It was a birthday present that shouldn’t have been so hard to find. Last year, Betty Kyle wanted to gift her mother, a lifelong artist, with sculpting lessons. After a six-month search, however, Kyle was at the point of giving up when she came across Michael Sean Kirby’s website, which noted that he was a teacher at Lanier Middle School, and more to the point, gave private sculpting lessons. Kyle phoned him up and told him what she was looking for.
“That’s a great idea,” Kirby replied.
“I gotta tell you, she’s 94 and pretty much blind,” she warned.
For almost every one of her many years on this planet, art had been a part of Charlotte Wood’s life. Born in Hempstead, she grew up surrounded by her mother’s watercolors. Unsurprisingly, Wood became a painter herself, and at 18, left home for New Orleans to study art at Sophie Newcomb College. “When I came home from Newcomb I presented my father with a coffee cup that I had made,” Wood recalls, seated in the living room of her Memorial area assisted-living condo. “He told me he was very proud of my $20,000 coffee cup!”
In the years to come, she continued her studies at art schools in Chicago and Los Angeles, and then became a wife and mother, which altered but did not slow her artistic output. Wood designed and sewed clothes, knitted, did needlepoint, painted in oils, acrylic, and watercolors. Also, she cooked, baked, and entertained in the home, which, according to her daughter, smelled like a bakery and looked like an arts and crafts studio.
Which is why it was especially tough when, after suffering from cataracts, glaucoma, and macular degeneration, Wood lost her eyesight 15 years ago. Her days of needlepoint and painting were done. She could still knit by feel, but that and listening to TV were not enough for a woman used to constant contact with her muse. For the first time, she began to succumb to boredom. In her darker moments, she would confide to her daughter that she felt like she was just taking up space.
Then, last year, Wood had an idea: she would enroll in a pottery class being offered by her retirement community. “Since I can’t see very well now, sculpting seemed the logical place for me to use what I’d been studying,” she recalls. That the class rekindled her lust for life was immediately obvious. “I saw how animated she was about getting back into something creative,” remembers her daughter.
Thus began Kyle’s six-month odyssey. She called the universities in search of a class that would take her mother—no luck. She called the museums big and small, art schools from Tomball to Pearland and all points in between. There was always some excuse, usually one heavily-laden with words like liability and handicapped. “‘We can’t provide any oversight for Charlotte; she’s blind,’” Kyle remembers hearing. “‘Our studio is not set up for the handicapped.’ Even the colleges said that. I’m sure they expected something like Charlie Chaplin or a bull in a china shop.”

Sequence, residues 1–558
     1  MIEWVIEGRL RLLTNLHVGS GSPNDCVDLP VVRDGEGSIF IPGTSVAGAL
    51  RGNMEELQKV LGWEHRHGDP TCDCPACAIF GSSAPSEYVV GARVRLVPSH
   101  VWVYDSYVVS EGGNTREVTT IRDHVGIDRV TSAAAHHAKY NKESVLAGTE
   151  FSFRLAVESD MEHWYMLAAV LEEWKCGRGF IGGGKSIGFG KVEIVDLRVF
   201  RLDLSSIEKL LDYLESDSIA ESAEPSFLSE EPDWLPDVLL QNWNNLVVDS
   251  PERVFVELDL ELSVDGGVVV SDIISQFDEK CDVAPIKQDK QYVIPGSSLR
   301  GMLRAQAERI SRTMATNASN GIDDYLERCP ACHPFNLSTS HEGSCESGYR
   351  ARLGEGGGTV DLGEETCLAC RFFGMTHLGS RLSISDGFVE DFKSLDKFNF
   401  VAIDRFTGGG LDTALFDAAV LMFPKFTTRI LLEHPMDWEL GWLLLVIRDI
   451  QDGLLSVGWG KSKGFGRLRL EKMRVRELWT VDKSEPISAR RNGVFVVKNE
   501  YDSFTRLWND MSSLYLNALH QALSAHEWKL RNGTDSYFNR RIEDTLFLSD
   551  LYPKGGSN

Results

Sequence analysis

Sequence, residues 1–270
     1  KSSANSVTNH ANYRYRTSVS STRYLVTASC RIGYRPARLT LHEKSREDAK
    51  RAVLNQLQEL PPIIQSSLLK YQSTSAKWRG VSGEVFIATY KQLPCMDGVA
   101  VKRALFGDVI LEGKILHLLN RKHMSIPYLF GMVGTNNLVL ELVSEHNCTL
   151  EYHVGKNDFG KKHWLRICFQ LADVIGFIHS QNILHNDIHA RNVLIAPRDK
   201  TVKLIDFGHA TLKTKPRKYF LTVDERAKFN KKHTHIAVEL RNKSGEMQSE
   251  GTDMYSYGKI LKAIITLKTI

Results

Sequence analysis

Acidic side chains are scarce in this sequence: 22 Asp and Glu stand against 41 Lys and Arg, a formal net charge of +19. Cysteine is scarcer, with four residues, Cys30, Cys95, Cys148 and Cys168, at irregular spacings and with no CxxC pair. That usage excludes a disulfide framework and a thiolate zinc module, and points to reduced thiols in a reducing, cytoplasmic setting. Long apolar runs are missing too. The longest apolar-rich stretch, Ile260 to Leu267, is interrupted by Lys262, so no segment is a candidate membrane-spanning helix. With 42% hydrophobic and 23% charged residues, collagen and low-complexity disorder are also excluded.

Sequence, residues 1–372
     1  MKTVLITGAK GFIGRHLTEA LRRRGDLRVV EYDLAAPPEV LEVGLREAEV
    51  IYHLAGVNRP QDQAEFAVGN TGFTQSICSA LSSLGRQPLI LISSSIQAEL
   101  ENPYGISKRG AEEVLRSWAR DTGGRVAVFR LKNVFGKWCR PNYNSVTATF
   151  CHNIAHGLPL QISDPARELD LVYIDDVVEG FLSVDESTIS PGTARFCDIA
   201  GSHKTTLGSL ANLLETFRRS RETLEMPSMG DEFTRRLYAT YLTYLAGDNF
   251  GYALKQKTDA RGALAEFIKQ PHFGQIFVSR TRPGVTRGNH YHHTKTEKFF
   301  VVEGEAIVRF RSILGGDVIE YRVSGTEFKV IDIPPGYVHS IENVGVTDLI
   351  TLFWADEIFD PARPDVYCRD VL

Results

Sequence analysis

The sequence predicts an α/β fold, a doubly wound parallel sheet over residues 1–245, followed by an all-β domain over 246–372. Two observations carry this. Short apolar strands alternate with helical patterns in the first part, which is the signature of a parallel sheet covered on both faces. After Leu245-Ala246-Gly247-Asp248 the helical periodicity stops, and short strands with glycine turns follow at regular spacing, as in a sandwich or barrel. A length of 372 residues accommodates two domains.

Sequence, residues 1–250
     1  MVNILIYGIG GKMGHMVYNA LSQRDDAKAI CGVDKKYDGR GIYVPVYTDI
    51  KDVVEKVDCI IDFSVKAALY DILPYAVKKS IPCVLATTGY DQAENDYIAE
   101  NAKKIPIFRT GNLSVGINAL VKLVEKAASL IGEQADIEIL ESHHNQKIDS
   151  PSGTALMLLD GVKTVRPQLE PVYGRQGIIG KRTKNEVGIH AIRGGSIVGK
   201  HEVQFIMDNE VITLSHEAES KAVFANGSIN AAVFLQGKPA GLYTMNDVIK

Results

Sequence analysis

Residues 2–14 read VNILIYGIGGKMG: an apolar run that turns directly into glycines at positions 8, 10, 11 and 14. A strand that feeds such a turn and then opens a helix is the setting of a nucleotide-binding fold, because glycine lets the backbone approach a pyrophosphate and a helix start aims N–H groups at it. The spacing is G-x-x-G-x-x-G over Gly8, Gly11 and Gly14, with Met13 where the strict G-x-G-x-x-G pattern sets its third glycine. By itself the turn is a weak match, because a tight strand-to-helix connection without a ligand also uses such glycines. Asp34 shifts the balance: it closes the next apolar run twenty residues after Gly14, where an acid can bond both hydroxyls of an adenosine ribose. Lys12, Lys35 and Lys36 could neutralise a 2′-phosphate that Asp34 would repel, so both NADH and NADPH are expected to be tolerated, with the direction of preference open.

Kirby expected only an artist with challenges—and fascinating ones at that. Years earlier, he himself had studied under a teacher who’d penned a thesis on blind painters that Kirby had always found intriguing. “Everybody thought he was crazy, but I thought it was cool,” he says. “It’s all about having contact with the material.”
Kyle’s birthday present was received warmly, and soon Wood was on her way to her first class at Kirby’s Independence Heights studio. Student and teacher developed a bond, Wood pronounced the experience wonderful, and has been going gangbusters ever since.
She says her work in sculpture is of a piece with her earlier artistic pursuits. “He tells me where I need to feel and examine what I’ve done, and I have had anatomy classes so I more or less know what the human body feels like even though I can’t really see it very well,” she says. Wood sculpts and sculpts, apparently unfazed by the fact that she’ll never see the results of her work. “I really enjoy the satisfaction of being able to use the knowledge that I’ve accumulated over lo these many years.”
Perhaps equally important, Wood no longer feels bored or in the way. “She is creating art and feels as though her life has purpose again,” Kyle says. “I think so many people with talent lie dormant in their later years. Nobody gives them the outlet…. There’s nobody there to say, ‘Look at what is inside of this person.’”
But there should be, because inside is a vessel, at least in Charlotte Wood’s case, that’s as full as it’s ever been. “There’s no time to shut down,” says Kirby. “Everyone should be and needs to be a lifelong learner. That’s part of the joy of life and it’s part of the adventure. And I think Charlotte’s very adventurous.”